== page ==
1) Our understanding of transsexuality/transgender identity is overwhelmingly shaped by the stories/experiences of MTF transpeople. The “X trapped in a Y” body is story that we hear from many MTF transpeople, but the stories of FTM transpeople are often very different. In addition, this story is relentlessly shaped by an androcentric medical establishment which forces/coerces this story through the process of medical gatekeeping. Basically, my point is that our entire narrative of transsexuality is shaped by and ultimately collaborates in patriarchy. Is that the fault of transpeople? Hell no. But it’s still problematic, which ties into my second issue…

    2) We can’t ignore the fact that when we talk about transpeople, we are overwhelmingly talking about people identified as men at birth becoming women. What if we were looking at a process of race-switching, and it was overwhlemingly white people “becoming” people of color. Can you see how that might wig people out a bit? And feel a bit like another way that group was capitalizing on their own privilege? This dynamic isn’t unique to transpeople- we criticize middle-class white women for capitalizing on their race and class privilege to “cancel” out their gender disadvantage all the time (or we should anyways).

    I guess the point I’m making here is that, while I think you’re right that the discourse around this issue endorses and enables transphobia (and that is unacceptable), what do we do with the real issues of the discourse of transsexuality being complicit in patriarchy?

    How do we address that without endorsing a transphobic discourse?

    (I don’t have an answer for this or anything, but I am very interested to hear the thoughts of others…)

  35. 430
    Travis Green says:

    As a female to male transsexual with a slight background in philosophy, I tend to take a hedonistic viewpoint of the gender spectrum. Do what you like, or what is easy. This idea of philosophical purity, pure rational thought, tends to distort facts. just because I fully intend to be as physically female as possible doesn’t mean I support societal gender roles. And just because there is a possibility that people are born genders doesn’t exclude the possibility that a lot associated with femininity are social memes. I have personality traits that are on both sides of the social gender construct and consider myself female. In fact, most of my traits are traditionally considered masculine, and these traits probably came from the four very masculine females in my family. Another short comment I wish to make is a surface criticism of the Patriarchy (the common hard-feminist understanding), the keeping of societal norms involved many people, not just males.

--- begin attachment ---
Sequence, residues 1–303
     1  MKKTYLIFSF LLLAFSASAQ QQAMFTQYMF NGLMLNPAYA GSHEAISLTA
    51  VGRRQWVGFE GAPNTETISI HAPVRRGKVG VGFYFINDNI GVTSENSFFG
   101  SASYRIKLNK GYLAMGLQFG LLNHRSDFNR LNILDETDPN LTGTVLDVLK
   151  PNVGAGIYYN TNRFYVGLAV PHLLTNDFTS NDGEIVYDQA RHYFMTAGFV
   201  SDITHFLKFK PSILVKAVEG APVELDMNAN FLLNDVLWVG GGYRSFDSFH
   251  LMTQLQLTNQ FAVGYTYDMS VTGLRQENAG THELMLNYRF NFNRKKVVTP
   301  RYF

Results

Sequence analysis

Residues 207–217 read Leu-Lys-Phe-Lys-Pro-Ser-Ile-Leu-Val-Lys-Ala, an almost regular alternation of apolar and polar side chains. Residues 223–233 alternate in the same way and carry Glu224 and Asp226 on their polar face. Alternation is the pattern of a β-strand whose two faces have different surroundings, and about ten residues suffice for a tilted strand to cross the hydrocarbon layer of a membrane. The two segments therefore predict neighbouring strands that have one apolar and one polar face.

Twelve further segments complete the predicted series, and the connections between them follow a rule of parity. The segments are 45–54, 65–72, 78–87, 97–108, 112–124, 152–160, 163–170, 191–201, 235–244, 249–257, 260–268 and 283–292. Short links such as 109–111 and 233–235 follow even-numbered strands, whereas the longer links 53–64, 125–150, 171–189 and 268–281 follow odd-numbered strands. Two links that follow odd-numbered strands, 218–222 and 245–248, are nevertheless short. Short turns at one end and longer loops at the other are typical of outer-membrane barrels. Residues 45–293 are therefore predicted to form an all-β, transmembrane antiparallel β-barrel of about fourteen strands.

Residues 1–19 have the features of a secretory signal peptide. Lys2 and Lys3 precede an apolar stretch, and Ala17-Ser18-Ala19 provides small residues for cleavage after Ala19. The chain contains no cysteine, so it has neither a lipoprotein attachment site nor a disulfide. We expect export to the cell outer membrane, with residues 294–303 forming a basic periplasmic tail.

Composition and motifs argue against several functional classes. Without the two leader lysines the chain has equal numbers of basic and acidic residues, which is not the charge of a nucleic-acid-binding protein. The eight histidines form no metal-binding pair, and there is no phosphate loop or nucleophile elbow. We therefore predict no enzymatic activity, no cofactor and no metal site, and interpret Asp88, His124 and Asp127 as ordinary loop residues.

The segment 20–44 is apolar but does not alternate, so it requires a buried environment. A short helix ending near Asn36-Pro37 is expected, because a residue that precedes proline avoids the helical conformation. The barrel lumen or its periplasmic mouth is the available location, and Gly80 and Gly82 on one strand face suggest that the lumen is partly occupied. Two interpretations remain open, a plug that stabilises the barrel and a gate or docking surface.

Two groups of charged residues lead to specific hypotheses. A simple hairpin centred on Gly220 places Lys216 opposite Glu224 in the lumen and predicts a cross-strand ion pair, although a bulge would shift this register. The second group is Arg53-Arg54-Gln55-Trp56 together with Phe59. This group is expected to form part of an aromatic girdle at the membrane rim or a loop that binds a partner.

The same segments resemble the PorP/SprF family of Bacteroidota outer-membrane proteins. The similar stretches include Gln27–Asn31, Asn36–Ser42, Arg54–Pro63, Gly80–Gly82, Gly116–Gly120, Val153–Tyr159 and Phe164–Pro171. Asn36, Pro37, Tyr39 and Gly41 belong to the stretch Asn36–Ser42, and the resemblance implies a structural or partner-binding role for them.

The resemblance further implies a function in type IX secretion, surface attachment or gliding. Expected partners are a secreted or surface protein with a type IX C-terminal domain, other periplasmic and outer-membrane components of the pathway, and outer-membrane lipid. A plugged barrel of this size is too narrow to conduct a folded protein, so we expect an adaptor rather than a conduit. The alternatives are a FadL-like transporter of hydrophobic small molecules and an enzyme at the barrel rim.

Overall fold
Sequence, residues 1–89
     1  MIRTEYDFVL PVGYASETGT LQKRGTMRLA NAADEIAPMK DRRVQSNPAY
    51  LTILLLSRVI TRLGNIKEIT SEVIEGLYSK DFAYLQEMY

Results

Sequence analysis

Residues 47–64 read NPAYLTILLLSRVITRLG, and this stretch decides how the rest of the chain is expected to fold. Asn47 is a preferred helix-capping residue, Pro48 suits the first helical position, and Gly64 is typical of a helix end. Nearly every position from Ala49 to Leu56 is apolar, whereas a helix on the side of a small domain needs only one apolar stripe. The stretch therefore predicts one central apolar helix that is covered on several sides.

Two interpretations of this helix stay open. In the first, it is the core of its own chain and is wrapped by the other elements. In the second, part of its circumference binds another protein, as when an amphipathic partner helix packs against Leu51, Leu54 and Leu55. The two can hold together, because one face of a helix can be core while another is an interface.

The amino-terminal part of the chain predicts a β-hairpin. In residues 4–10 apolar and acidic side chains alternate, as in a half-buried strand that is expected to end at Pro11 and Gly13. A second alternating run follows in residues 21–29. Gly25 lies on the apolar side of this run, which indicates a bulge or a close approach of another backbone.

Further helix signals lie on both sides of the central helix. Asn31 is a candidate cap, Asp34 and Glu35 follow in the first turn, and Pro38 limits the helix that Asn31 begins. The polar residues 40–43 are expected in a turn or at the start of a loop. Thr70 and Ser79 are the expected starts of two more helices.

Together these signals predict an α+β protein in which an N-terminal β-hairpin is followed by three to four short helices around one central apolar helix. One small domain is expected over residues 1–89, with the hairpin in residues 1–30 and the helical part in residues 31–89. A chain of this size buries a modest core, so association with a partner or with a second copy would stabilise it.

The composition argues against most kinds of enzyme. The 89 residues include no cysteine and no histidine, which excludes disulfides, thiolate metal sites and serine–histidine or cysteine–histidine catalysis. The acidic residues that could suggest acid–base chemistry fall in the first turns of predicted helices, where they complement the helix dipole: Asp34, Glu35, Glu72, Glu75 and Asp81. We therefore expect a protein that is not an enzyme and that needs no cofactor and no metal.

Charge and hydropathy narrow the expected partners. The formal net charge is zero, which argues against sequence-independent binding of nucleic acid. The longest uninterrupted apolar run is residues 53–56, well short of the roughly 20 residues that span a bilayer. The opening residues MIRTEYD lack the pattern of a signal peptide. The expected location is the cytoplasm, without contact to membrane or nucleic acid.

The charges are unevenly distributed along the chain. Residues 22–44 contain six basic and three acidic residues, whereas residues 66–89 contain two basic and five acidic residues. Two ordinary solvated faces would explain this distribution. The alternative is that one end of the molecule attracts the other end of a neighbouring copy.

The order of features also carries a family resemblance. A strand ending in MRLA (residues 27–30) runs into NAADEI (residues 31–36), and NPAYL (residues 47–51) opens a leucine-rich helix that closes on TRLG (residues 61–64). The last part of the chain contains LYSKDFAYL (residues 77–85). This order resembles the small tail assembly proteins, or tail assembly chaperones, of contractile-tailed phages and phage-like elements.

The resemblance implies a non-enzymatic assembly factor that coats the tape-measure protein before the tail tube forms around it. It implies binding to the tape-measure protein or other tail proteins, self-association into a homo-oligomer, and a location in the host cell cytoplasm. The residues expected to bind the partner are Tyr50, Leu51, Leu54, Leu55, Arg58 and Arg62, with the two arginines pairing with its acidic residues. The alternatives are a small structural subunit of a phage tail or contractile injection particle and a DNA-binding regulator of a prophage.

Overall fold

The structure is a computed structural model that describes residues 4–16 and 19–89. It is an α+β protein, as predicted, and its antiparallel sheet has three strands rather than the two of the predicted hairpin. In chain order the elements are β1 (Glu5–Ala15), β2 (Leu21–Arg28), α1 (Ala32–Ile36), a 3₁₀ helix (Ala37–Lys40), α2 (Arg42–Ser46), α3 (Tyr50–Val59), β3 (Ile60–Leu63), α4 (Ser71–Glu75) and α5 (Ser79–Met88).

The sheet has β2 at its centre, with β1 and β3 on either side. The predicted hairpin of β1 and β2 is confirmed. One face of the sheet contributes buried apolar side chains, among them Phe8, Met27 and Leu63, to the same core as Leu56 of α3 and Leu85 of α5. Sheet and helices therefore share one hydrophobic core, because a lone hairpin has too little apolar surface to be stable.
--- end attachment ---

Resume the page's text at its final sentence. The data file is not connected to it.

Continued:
36. 431
    Samantha says:

    Thank you very much for posting this.

    I think that the main problem people have with transsexuals stems from the fact that they are first considering said transsexuals by their so-called ‘birth sex’. Viewing a transsexual in this manner makes it difficult to actually understand who the core person really is within that transsexual’s body. One would be sadly mistaken to assume that ‘birth sex’ always defines gender. A female-to-male transsexual who is supposedly ‘born male’ according to their sex feels as a woman does, and wants to live as a woman does. Saying that such a person is male is an absolutely horrible tragedy, and a wonderfully horrific example of closed-mindedness and bigotry.

    So, you want to know who I am? I’m Samantha.

    And am I transsexual, myself?

    I’m a girl – I always have been, and always will be.

    “Transsexual”, I should add, seems to be a seriously misunderstood word. It is not referring to a male or female who wants to “become the opposite sex”. It is referring to a male or female who identifies AS – not with – the opposite gender. A transsexual is not, for instance, a male ‘changing into’ a female. A transsexual has, in most cases, always identified as the opposite gender, even in their early years, and even when they didn’t understand why they felt the way they did. So is a ‘born-male transsexual’ a “male changing into a female” ? No; such a person is nothing more, and nothing less than female.

    And honestly, if you cannot understand that, then you are one who is far more ‘gender-confused’ than anyone in the trans-community, because you clearly don’t know what *gender* really is.

    And, if you’ve taken the time to actually read this whole thing, then I must say thank you. <3

  37. Pingback: Exploring some trans feminist views: « Trans Feminisms

  38. 432
    blair archbold says:

    Hi,
    As a transguy I really enjoyed this post. I am going to speak at a Feminist Conference in Melbourne at the end of this month and I was wondering whether I can quote some of this post? I will be speaking on behalf of an organisation called Still Fierce!
    Kind Regards,
    Blair

  39. 433
    Ampersand says:

    Blair, I’m totally flattered that you want to quote this post. Please feel free to quote whatever you’d like. :-)

  40. Pingback: Women’s Center?: Doing More For Gender Equality | AC VOICE